Posted by FTB1(SS)
Hawaii is a very unique and interesting place. It’s the only place I have ever been that while it was raining, the sun was shining brilliantly.
My first view of the island paradise was less impressive than I had pictured it in my head. As I popped my head out of the hatch, all I saw was the Pacific Ocean. “Seems a little disappointing, ” I said, somewhat in jest. “Turn around,” replied Mitch.” I did, and there, off the port side was the island of Oahu, Diamond Head in the distance, in brilliant sunlight, waiting for us to arrive.
We were dressed in our summer whites, which is pretty much the year year round uniform in Pearl Harbor, as we made our way up the channel and to the right of Ford Island. Our course would take us around to the north of the Island and end up at Fox pier, the berth located just ahead of the wreck of the USS Utah. In those days, there was no bridge from Ford Island to the main island.
Pearl Harbor is both shallow and surprisingly lackadaisical – at least to us. The mud was being kicked up in our wake as we moved slowly, accompanied by a single tug, not the three to which we were accustomed. Then, as we straightened up in the channel, there she was – the wreck of the USS Arizona, with her white memorial stretching across her shattered hull.
When you enter Pearl Harbor for the first time on a patrol, Naval tradition is that we render honors to the great ship and her gallant crew. Coming to attention, we stood in a line and saluted her as we passed. Here was a moment to consider the past and the future. Lying before us was the grave of over 1,100 men who died, almost before they even knew that the war had started. What lessons were there here, what things should we never forget? Were there things, like animosities, that we should forget?
A few days later, we were able to get over to her memorial and see the ship up close, read the names on the wall, hear the lapping of the water against the hull, see the tear-like drops of oil still seeping from her smashed hull. There was anger in me, sadness, and the realization that so many of these men were so young. Even younger than I, having just turned 21 years old just two days before. So much of life was ahead of them, and yet, here they have laid since that morning in 1941.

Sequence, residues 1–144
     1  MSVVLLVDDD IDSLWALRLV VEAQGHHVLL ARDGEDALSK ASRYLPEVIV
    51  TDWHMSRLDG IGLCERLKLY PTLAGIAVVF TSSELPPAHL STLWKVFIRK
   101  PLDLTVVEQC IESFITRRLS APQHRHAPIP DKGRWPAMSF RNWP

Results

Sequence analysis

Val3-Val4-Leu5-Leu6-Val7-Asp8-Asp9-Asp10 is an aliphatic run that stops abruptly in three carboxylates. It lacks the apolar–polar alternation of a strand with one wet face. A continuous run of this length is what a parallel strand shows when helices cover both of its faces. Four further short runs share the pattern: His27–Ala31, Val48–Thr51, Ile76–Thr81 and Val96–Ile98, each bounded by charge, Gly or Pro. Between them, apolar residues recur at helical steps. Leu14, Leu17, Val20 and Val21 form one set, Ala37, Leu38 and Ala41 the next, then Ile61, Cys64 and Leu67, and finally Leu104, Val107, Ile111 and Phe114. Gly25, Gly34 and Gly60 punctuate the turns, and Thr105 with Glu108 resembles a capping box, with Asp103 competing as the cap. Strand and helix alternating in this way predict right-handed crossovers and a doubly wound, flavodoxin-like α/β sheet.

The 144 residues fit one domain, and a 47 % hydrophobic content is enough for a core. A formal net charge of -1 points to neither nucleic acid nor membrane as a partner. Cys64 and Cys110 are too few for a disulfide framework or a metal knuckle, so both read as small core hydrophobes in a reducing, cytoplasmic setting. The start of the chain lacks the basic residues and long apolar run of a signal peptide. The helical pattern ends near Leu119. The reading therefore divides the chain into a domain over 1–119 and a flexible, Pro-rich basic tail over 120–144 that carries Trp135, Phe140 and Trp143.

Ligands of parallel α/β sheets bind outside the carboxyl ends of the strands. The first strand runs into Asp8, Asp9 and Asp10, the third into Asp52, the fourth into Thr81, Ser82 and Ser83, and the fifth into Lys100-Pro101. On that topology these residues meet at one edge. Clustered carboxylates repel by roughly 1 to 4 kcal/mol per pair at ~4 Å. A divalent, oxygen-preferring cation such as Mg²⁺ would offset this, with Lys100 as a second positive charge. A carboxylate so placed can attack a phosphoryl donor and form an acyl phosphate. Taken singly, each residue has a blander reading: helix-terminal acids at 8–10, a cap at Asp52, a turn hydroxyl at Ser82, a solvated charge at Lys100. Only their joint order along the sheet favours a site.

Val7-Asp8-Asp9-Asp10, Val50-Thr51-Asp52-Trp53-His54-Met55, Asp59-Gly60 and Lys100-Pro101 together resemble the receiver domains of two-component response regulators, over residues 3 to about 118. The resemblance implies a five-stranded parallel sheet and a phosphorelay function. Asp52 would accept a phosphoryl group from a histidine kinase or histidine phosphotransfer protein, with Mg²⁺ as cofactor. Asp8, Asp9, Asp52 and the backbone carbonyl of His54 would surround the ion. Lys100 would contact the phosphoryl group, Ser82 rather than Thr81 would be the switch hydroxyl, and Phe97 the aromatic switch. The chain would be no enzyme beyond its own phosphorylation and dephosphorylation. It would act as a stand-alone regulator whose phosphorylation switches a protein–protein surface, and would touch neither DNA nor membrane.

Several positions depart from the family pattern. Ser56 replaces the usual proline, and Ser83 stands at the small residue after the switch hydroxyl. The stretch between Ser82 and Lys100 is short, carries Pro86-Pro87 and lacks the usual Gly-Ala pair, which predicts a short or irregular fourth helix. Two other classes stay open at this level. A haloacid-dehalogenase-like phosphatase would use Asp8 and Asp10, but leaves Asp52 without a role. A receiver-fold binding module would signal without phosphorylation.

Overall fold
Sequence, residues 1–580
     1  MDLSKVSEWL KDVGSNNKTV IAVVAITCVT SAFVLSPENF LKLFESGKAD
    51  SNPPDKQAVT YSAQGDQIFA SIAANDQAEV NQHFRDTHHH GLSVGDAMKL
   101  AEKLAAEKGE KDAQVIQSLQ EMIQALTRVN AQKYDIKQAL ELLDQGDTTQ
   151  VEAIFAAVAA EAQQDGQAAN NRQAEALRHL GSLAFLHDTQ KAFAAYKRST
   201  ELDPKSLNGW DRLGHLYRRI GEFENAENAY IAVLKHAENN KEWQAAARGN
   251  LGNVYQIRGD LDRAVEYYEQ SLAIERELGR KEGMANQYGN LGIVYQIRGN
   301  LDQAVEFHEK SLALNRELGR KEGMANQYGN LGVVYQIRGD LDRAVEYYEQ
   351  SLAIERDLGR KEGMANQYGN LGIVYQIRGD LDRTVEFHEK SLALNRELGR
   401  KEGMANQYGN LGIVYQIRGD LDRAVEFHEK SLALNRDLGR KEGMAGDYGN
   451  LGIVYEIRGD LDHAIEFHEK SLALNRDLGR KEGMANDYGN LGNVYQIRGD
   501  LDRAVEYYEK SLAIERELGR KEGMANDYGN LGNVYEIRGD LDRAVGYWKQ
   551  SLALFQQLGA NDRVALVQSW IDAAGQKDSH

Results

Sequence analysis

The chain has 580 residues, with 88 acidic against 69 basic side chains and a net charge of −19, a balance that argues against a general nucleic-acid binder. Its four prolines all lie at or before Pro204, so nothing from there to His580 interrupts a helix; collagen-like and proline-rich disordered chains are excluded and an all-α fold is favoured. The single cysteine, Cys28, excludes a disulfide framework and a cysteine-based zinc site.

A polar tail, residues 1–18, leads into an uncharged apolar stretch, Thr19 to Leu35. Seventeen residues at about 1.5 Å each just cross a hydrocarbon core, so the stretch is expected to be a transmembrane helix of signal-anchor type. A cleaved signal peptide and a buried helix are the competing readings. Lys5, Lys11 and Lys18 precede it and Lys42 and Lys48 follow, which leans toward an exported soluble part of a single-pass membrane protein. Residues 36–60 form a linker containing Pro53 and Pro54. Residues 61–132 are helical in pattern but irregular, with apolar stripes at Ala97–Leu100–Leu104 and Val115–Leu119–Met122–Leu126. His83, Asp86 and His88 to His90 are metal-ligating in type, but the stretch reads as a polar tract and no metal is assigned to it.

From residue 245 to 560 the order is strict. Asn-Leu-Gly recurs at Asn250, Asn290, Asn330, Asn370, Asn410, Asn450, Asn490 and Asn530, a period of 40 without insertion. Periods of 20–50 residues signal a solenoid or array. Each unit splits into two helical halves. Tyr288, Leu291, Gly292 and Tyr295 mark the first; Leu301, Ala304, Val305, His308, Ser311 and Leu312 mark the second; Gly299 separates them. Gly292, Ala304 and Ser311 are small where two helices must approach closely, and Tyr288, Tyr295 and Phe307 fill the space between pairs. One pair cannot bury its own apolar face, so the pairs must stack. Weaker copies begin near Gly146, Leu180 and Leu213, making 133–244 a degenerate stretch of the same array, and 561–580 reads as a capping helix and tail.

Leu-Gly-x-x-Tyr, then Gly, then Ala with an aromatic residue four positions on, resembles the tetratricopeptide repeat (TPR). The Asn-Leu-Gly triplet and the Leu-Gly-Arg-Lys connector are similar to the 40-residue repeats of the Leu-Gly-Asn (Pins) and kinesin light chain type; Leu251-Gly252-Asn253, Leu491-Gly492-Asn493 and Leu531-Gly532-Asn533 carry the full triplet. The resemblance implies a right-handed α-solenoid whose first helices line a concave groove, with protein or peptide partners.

It was years later that I learned that the Japanese pilots had believed (been told?) that their attack was not a “sneak attack,” that the US had been informed that war had been declared. Many of the pilots who survived the war would express great shame over that little piece of diplomatic confusion. It was just another lesson in the way governments wage war, and expect the soldiers and sailors to simply follow orders.
I would go back to Pearl Harbor a year later, in 1985, but it’s hard to compare it to those first moments. That first view, that first moment of silence as we passed the wreck holding our salute. Making my way to the USS Utah Memorial and seeing that wreck from my own ship each time I went topside. It is a lasting impression of both the nature of war and of its wastefulness. Young men lie here who might have gone on to accomplish so many things.
Instead, they are entombed here, waiting whatever judgment G-d and history brings to them. All for the mistaken and misguided ideas of a few who ruled over many.
In a short discussion yesterday, a friend of mine expressed the thought that he believed that Japan could have gotten her goals for materials and become allied with the US by declaring war on Germany in 1941 instead of attacking the US. It’s an interesting idea that I need to consider and think about.
Speaking of War, a Democrat in Congress has introduced a bill to repeal the War Powers Act, passed in 1973 over the Veto of then President Nixon. To be clear, I agree with Nixon that the WPA is un-Constitutional, and poorly considered legislation that essentially allowed Congress to set aside one of it Constitutionally mandated duties and allow a President to have virtually a free hand in committing the US to war. There are some problems with his bill and his attitude, which was fine and dandy with President Obama dropping bombs and troops into places around the globe, but he doesn’t want Trump also doing this. I actually agree, but I don’t want any President, D or R, doing it without Congress debating and declaring it to be a war. Frankly, the reason why Korea, Vietnam Gulf I and II and the GWOT have gone they way they have is that we haven’t steeled ourselves and said, “This is a war, and we are going to fight to win.” Instead we half-ass things with “Authorizations for the Use of Military Force,” which isn’t the same thing as a war, is it?